Here’s a post from a small coffee shop near Buffalo that participated in Carolcade, a caroling party on Main Street during the holiday season.

love local

  • Team up with other businesses or nonprofits

Reach more customers by teaming up with other small businesses or nonprofits. Consider hosting a food drive for your local food bank. Both your business and the food bank can advertise the event.

Pool your resources with your neighboring businesses, and think about offering coupons or incentives to each other’s stores. For the extra-ambitious, you could even make a coupon book of local vendors.

  • Join your local chamber of commerce

Most small towns have a chamber of commerce or a business association. These groups are a great way to tap into the power of your local business community. When a group like this works together to amplify each other, and share customers, the resualts can be huge. Take the Appleton Northside Business Association.  The group helped host a passport promotion during the holidays where customers collected passport stamps at every business they shopped at. The passports were turned in for prize drawings.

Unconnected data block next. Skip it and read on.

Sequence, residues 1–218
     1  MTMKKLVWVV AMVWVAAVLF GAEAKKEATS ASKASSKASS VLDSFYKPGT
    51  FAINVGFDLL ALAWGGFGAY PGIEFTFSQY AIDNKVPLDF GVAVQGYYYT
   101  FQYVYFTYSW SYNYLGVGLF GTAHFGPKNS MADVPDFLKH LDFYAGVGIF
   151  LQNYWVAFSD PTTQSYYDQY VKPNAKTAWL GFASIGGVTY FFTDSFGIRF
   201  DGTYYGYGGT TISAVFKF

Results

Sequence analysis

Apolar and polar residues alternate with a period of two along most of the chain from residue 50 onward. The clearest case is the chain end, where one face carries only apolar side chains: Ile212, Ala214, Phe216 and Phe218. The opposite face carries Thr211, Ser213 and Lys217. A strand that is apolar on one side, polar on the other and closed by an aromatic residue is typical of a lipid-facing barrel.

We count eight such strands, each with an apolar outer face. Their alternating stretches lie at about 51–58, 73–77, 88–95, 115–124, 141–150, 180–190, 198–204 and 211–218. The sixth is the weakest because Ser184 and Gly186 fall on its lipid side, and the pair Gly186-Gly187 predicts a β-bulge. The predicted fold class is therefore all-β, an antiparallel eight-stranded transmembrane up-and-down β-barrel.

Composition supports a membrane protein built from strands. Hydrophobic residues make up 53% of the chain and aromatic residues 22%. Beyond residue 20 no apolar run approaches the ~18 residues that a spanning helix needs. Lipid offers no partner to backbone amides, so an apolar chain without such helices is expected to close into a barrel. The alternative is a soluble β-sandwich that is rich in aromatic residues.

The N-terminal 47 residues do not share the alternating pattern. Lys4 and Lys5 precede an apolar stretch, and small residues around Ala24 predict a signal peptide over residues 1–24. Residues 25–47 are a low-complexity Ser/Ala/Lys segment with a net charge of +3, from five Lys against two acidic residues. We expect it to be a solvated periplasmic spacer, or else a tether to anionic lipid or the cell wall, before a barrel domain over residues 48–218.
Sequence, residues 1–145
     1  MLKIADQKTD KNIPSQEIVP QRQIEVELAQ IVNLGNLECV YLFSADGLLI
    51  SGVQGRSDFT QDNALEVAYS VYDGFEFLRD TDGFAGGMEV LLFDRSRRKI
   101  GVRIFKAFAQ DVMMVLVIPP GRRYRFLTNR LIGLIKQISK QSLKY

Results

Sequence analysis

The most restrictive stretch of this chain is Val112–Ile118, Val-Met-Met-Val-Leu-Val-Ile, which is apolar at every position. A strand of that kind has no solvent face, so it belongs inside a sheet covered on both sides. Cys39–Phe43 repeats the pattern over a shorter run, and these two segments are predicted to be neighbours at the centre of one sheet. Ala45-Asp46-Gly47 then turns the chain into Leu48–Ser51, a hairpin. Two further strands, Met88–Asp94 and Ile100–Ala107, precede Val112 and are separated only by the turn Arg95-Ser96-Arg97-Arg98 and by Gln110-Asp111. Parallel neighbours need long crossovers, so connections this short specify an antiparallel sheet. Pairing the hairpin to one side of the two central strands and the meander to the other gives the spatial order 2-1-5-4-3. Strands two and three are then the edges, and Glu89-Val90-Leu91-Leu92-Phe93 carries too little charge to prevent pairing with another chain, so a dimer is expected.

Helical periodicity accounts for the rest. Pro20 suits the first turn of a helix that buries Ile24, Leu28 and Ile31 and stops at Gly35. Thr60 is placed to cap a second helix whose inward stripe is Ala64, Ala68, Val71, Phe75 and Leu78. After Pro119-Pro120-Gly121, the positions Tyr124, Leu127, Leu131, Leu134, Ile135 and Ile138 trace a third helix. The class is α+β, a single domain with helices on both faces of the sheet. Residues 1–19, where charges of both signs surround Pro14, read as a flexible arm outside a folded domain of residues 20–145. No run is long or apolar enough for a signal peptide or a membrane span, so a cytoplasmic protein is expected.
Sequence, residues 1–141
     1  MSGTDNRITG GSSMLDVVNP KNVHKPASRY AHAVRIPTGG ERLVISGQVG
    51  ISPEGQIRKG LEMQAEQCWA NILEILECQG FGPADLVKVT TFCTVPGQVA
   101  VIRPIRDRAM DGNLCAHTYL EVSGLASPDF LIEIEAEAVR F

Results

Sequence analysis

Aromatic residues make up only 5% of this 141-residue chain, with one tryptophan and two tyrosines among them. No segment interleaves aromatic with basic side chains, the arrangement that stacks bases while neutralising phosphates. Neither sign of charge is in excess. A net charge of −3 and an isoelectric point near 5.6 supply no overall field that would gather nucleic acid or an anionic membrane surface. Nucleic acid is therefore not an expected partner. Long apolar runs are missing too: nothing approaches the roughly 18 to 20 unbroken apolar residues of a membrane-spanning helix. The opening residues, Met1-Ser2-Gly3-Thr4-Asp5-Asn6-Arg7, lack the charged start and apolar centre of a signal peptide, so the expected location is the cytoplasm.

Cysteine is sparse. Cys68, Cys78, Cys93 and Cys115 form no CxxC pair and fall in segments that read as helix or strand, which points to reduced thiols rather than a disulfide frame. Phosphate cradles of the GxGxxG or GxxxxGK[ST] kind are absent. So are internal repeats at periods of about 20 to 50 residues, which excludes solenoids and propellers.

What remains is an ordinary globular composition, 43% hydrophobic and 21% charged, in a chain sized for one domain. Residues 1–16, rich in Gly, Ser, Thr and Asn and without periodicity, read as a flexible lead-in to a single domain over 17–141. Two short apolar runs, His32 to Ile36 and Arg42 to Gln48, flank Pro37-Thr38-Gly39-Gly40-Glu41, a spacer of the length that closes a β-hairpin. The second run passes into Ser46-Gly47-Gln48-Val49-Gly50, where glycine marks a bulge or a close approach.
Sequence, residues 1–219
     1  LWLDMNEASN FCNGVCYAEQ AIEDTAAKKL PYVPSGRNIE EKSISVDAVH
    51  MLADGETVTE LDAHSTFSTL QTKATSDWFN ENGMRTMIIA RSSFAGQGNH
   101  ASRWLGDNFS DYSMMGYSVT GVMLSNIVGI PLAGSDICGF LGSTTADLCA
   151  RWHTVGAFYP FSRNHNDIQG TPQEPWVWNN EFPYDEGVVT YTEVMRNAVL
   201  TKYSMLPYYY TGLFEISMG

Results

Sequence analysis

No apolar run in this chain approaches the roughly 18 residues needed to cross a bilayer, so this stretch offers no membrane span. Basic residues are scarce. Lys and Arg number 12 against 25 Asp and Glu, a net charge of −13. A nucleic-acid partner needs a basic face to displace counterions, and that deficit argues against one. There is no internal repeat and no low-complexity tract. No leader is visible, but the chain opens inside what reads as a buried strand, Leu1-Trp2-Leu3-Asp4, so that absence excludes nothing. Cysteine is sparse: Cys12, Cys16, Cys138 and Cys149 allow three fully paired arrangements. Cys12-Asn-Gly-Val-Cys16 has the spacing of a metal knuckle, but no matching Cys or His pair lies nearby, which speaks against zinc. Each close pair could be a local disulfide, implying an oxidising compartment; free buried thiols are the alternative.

• Post job openings on social channels

Besides posting a ‘Help Wanted’ sign in your store, try recruiting talent from your online audience. Post job ads on your social channels and ask current employees to do the same. You’ll not only reach a pool of potential candidates, but you’ll also show your customers that you hire local residents.

Here’s a look at an ad from a local coffee shop in Wisconsin:

love local


Have you noticed the love local trend? What do you think your customers love about shopping local? Share your thoughts in the comments below!

Lisa Furgison
About the Author
Lisa Furgison

Lisa is a writer at Fivestars, a freelance journalist, and co-owner of a media company, McEwen's Media.